One advantage that three star Army commit Elijah St. Hilaire has over the majority of his future teammates is that he is just forty minutes away from the West Point campus. This of course allow the soon to be Black Knight who is out of Palisades Park (N.J.) Palisades High School to take in a practice or two ... something that the 5-foot-10, 180 pounder did on Sunday, as the Army squad logged in another early morning spring practice.
"I arrived on campus this morning at 6:55am ... right when the team started," shared St. Hilaire, who was joined my his father. "As soon as I got there, they were doing drills and everything. So I stood with Coach Waugh with the slotback and watching them. I got to talk to a lot of prep school guys, who were there as well. They will be in the same with me this season, so it nice connecting with a lot of them.
Of course seeing a college practice up close and person, often offers a wake-up call for many incoming players, as they are able to witness the speed of the practice, the level of intensity ... something that often escapes many high school practice sessions.
"I was talking to Coach Waugh and my dad about that ... the tempo and everything is a lot different than high school," says St. Hilaire, who will be a direct admit this summer. "Even though Coach Ellerson was telling me that Sunday's are relatively more of a light practice compared to the others, but they are still going at a faster tempo than we usually do in high school."
"I was speaking with a lot of the guys and the prep school coach ... he was telling me that I should not only be working on my strength in the weight room, but also the strength to keep going, because the practices are going to be a lot different, a lot more than high school is now."
Assessing the Talent
Not only did St. Hilaire walk away with an appreciation of the pace and speed of Sunday's practice session, but he was able to put a true visual the depth and quality of talent at slotback that permeates the Army roster.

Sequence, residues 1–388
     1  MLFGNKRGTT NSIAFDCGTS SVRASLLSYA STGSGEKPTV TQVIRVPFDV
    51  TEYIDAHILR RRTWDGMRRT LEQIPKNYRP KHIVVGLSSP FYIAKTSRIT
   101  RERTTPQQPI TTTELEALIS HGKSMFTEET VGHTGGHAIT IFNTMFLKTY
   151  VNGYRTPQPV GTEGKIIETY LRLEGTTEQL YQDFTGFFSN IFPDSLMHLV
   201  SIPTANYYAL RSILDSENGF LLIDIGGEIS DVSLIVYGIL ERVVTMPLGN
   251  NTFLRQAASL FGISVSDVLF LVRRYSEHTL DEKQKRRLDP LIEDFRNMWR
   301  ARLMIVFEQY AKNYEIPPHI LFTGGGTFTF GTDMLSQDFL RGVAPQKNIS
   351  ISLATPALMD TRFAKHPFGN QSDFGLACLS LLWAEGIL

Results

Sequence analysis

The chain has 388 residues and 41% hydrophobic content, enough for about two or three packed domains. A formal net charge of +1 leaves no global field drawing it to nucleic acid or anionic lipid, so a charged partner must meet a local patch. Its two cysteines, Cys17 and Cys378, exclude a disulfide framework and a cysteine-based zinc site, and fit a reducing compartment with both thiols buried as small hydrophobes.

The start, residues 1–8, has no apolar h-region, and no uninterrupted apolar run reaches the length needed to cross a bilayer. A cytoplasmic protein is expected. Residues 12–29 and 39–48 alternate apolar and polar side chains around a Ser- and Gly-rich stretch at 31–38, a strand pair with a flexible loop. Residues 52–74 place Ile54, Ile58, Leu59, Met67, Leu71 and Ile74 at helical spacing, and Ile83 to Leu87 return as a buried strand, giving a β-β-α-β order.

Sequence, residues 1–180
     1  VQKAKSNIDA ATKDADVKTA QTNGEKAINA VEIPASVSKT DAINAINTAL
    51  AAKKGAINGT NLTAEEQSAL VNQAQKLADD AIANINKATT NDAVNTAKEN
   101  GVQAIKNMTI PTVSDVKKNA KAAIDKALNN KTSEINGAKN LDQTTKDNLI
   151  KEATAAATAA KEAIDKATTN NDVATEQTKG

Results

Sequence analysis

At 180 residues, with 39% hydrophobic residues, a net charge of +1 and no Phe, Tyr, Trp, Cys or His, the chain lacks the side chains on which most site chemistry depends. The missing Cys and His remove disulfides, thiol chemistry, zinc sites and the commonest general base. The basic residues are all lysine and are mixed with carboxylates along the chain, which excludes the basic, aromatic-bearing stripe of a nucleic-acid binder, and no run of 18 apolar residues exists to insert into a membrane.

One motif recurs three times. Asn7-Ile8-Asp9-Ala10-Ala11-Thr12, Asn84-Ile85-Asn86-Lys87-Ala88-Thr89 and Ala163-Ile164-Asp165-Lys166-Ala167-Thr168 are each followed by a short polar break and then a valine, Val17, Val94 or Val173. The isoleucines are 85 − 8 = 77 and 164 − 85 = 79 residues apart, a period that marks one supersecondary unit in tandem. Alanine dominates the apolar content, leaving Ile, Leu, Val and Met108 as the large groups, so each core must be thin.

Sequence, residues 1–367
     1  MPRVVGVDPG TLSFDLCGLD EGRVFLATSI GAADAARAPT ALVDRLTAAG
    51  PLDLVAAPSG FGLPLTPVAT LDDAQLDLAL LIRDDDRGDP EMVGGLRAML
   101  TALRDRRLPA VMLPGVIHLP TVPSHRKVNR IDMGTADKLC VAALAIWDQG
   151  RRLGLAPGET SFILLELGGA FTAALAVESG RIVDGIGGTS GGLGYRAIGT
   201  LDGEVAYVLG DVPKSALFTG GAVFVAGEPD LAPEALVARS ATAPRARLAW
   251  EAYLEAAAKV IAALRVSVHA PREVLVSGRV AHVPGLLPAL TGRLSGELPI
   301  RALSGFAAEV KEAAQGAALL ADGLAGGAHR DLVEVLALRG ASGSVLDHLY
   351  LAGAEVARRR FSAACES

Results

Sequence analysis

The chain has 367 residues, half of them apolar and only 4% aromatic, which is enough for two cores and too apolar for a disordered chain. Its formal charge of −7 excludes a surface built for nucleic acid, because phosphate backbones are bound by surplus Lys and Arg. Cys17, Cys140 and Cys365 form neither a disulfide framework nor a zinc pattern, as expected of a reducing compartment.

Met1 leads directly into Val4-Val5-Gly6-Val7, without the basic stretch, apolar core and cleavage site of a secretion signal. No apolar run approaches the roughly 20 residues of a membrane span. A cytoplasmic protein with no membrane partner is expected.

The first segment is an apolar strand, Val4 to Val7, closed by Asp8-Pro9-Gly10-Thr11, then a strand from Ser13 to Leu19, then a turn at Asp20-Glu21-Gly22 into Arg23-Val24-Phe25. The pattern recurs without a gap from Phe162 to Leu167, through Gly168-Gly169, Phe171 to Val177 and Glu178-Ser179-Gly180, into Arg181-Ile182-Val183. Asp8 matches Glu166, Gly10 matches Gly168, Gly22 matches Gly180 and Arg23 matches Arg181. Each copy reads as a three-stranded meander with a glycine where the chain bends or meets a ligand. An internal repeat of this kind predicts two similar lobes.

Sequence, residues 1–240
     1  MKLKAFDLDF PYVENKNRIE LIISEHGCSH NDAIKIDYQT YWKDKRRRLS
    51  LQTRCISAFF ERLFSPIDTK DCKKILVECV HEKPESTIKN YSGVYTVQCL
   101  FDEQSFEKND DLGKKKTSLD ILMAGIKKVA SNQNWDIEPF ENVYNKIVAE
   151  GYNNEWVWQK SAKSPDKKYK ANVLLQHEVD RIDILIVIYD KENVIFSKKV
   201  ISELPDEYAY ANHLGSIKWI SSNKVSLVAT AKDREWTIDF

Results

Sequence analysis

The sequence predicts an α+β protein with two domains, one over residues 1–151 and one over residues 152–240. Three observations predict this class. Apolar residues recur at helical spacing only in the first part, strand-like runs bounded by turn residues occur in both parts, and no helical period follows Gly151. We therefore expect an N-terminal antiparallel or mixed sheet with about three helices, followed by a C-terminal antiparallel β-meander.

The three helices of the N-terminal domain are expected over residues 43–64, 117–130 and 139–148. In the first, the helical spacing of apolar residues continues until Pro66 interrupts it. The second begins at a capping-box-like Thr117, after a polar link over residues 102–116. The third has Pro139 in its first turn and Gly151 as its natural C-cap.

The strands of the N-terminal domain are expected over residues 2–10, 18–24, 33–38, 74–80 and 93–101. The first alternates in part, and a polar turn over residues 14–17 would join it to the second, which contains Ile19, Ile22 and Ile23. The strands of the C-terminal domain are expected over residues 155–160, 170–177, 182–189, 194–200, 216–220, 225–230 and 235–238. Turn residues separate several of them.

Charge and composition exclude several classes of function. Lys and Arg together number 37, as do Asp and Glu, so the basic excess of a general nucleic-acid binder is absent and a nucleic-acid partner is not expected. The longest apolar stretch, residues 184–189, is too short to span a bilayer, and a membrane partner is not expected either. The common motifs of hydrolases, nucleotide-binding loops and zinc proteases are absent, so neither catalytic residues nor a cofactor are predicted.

"There's a lot of depth at the slotback position and I'll being playing either slotback or receiver," says St. Hilaire, who offers up three possible alternatives for the staff, at receiver, slotback and kick returner. "In looking at it and watching it, I think that I want to come in and try to make an impact on the special teams, where I am trying to get on kick returns. Then leading up to freshman & sophomore year ... just throughout the season, try to do a little bit more. With the competition there are a lot of great guys ... I mean I like watching Fraser (Stephan) out there, who is a really good running back. I spoke to him a lot on my official visit. There's competition from I was watching today, but I just want to come in and try to make that impact so I can get on the field."
"I did speak to Coach Ellerson as well and we talked mostly about where he sees me fitting in on the field," he adds. "As I mentioned, the slotback has a lot of depth right now. However, considering that I'm an athlete, I will probably either be playing slotback or receiver. Wide receiver may be a lot tougher, but with the offense that we run, Coach was telling me that sometime you do have those one on ones on the outside. And since I'm a hybrid in what I do, I can catch guys off guard and make the plays. They also have talent and depth at receiver, but I feel that I can be one of those who can make a difference on the outside."
As Garden State native describes, he will not be participating in track this outdoor season, but his primary focus is working specifically through two S&C programs in order to get where he feels he needs to be prior to R-Day (Reception Day) at West Point.
"I have a lot of training and I just came off of surgery two months ago," says St. Hilaire, as he referenced the recovery/rehab due to toe surgery. "I just started running again, I'm almost running my mile time and when I was in Puerto Rico on vacation I did a lot of running on the bench.
But even beyond his personal road work, St. Hilaire has is working with two hired guns to enhance his workout performance. First his is under the direction and supervision of Joe DeFranco, who has players like Houston Texans linebacker and New Jersey native Brian Cushing as a client and it was DeFranco who pioneered the hardcore, warehouse-type training centers that are now popping up throughout the country.
The second venue that St. Hilaire frequents is Explosive Training Systems (ETS), which is run by EJ Barthel, where like DeFranco has an impressive list of clientele. "He has Victor Cruz (NY Giants) working out there," shares St. Hilaire. "Our high school team works out at ETS, but I was going to DeFranco's before EJ starting coming with our team and I have respect for both."
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